The college’s official history is pretty sparse and doesn’t tell anywhere near the whole story. For instance, it says nothing of our union organizing and the establishment of CUPE Local 3479 and The Federation of Post Secondary Educators Local 16 as the North Island College Faculty Association. I was its first president but only lasted a short time in that role because I was burnt out and headed for a health crash for which I had to take months off. That was not my most enjoyable time at the college. As far as I can see there’s one line in the official timeline about NIC and the Knowledge Network. Frankly that is a bit disappointing but the college doesn’t owe me anything. I got well paid and generally very well treated by the administration during the times I had to take time outs for health reasons. Of course, I’ve left out a lot of the juicy bits. Can’t tell all, of course. Lawsuits could ensue. But, mygawd, there’s a lot more to tell.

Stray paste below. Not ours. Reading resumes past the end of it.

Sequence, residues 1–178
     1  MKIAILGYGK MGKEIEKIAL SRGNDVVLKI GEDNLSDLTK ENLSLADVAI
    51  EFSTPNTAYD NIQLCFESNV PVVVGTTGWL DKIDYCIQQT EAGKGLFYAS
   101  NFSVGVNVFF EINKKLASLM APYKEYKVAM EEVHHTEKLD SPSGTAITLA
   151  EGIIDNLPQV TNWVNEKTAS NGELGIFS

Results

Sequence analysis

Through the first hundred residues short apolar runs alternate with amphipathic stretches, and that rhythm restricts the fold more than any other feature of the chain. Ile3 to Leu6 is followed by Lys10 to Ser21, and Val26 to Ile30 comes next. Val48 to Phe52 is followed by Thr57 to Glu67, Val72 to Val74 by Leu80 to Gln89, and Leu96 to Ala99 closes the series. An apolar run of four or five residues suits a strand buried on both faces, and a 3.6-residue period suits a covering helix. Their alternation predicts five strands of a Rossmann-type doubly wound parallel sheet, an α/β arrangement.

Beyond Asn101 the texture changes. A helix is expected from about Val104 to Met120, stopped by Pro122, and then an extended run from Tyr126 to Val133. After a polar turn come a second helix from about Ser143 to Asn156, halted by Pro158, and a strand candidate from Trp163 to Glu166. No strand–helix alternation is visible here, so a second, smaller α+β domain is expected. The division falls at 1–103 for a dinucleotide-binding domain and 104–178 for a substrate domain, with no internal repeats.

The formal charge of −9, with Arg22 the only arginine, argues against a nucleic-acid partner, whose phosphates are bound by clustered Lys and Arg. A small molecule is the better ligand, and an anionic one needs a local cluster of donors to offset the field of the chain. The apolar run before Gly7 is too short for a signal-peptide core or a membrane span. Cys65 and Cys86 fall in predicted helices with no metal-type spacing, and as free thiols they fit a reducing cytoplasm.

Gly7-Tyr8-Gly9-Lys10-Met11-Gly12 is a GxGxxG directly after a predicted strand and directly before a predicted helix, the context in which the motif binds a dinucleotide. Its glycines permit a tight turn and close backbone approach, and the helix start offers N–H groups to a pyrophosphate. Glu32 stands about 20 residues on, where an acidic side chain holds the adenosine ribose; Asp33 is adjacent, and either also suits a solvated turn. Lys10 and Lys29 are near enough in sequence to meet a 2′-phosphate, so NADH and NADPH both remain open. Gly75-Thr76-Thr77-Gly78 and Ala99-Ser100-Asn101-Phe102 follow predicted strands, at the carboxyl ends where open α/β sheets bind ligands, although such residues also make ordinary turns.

I should say in conclusion that I was awarded emeritus status at the college as I retired and I received two teaching awards in my time there, one for innovation in teaching and the other for teaching excellence from a group at the University of Texas at Austin dedicated to celebrating such things.

 

8 thoughts on “My Life As A Teacher: Part 4 Addendum 3: A Gentle Rogue History of North Island College from my Perspective.

  1. Roger, I enjoyed this entry. Maybe the college is old enough for a short book about its history. Perhaps you are uniquely qualified for the job!

    Keep your blog going!

    cheers,
    Jeff Lawrence

    1. The thing is everyone who ever worked there (or is still working there) has a plethora of stories about the place. I could never write a straight up history of North Island College. Mygawd! I mean what if I wrote about the time a former (now deceased) president threatened me with physical violence?